Better Algorithms for Benign Bandits
Elad Hazan, Satyen Kale; 12(35):1287−1311, 2011.
The online multi-armed bandit problem and its generalizations are repeated decision making problems, where the goal is to select one of several possible decisions in every round, and incur a cost associated with the decision, in such a way that the total cost incurred over all iterations is close to the cost of the best fixed decision in hindsight. The difference in these costs is known as the regret of the algorithm. The term bandit refers to the setting where one only obtains the cost of the decision used in a given iteration and no other information.
A very general form of this problem is the non-stochastic bandit linear optimization problem, where the set of decisions is a convex set in some Euclidean space, and the cost functions are linear. Only recently an efficient algorithm attaining Õ(√T) regret was discovered in this setting.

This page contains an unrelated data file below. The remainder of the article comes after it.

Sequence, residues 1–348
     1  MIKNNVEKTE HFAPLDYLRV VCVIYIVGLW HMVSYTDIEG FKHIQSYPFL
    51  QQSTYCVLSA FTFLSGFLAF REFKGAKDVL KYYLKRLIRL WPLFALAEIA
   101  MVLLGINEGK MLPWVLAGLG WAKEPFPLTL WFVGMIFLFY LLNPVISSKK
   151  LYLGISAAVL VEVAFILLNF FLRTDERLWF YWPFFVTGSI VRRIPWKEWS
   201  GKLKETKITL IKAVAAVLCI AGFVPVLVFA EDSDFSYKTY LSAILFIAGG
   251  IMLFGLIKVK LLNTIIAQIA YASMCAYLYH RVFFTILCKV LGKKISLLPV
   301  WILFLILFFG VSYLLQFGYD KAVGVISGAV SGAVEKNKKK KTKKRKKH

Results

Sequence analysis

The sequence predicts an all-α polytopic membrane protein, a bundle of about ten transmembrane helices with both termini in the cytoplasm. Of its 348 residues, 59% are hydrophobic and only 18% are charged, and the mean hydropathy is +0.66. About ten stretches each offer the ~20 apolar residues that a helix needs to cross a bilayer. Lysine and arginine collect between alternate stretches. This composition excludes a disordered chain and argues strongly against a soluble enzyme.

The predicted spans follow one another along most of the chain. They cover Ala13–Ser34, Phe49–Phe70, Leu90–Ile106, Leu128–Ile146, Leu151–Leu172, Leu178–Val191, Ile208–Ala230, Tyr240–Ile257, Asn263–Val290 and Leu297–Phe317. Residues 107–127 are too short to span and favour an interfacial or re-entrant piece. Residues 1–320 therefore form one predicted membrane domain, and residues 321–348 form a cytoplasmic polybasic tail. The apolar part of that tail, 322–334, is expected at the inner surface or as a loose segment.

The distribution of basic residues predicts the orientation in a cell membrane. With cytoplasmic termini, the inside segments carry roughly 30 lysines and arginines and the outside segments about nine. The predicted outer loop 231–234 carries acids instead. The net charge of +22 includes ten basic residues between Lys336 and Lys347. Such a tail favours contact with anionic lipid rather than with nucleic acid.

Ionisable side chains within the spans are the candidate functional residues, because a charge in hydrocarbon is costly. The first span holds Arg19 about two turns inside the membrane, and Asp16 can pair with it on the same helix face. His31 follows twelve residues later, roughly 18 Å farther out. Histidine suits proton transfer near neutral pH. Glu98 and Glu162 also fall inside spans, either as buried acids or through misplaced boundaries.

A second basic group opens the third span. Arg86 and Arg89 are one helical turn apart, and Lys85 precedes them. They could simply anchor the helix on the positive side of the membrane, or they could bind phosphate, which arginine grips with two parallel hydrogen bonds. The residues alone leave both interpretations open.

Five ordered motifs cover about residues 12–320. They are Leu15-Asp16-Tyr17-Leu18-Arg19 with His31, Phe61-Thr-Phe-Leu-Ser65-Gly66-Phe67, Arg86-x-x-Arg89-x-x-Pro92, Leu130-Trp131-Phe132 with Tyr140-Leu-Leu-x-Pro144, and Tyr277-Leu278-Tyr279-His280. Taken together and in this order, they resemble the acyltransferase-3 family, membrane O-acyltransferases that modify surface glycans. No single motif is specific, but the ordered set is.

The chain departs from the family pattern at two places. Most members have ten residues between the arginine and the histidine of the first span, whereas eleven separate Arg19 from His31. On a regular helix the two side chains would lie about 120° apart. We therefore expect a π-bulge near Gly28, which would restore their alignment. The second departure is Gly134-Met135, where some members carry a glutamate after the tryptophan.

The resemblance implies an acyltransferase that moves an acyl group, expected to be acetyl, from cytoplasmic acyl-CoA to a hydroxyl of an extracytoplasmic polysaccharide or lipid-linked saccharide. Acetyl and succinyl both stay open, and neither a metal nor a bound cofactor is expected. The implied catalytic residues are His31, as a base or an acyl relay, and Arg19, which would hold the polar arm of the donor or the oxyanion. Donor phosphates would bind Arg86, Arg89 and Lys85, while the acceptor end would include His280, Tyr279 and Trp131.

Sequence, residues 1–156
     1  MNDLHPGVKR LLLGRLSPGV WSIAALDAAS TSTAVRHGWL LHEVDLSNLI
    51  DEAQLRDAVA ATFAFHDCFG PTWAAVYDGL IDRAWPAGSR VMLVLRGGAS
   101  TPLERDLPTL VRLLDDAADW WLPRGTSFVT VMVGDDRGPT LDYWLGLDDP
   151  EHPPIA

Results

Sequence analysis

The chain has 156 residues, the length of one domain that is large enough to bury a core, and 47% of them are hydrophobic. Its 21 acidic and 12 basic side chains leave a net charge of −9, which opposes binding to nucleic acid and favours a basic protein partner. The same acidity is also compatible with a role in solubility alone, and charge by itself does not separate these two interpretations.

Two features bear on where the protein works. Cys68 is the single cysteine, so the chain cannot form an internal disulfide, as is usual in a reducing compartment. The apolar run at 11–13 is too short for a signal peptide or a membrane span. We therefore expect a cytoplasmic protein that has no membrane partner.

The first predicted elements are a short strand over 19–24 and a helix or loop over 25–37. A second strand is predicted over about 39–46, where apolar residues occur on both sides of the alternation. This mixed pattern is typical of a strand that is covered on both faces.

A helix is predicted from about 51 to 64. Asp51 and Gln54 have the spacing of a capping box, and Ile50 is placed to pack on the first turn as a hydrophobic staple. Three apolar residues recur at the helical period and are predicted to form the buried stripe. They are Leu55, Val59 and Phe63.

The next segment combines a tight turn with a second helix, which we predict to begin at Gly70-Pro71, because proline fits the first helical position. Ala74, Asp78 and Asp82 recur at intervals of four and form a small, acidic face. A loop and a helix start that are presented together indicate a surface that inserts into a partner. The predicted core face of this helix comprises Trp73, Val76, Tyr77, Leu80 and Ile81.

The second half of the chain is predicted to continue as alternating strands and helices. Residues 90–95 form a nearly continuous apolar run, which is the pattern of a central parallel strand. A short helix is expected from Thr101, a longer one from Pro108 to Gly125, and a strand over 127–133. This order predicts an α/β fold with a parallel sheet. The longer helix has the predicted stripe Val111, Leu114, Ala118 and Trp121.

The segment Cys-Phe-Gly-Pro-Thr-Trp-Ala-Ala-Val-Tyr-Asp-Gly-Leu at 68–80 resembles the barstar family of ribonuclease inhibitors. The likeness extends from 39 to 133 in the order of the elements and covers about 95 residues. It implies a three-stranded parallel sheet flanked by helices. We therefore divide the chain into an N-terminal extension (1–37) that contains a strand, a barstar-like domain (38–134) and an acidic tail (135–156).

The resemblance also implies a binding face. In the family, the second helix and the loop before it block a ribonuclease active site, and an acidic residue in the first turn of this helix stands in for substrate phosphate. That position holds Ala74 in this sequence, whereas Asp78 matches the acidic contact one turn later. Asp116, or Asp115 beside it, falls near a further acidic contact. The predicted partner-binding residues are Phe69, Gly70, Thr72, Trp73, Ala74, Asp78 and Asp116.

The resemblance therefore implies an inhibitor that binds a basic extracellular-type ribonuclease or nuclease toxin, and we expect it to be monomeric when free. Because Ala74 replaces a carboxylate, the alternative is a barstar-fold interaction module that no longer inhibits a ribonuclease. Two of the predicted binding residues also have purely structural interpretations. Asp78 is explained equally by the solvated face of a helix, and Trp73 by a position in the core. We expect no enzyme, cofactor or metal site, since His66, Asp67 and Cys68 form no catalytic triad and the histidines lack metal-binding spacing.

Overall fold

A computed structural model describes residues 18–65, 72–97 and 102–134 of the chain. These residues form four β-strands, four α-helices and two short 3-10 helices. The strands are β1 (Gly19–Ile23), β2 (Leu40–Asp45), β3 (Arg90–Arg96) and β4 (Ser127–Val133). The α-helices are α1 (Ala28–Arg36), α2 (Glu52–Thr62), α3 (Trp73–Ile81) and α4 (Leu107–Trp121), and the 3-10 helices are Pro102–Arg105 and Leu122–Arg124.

In this paper we propose a new algorithm for the bandit linear optimization problem which obtains a tighter regret bound of Õ(√Q), where Q is the total variation in the cost functions. This regret bound, previously conjectured to hold in the full information case, shows that it is possible to incur much less regret in a slowly changing environment even in the bandit setting. Our algorithm is efficient and applies several new ideas to bandit optimization such as reservoir sampling.
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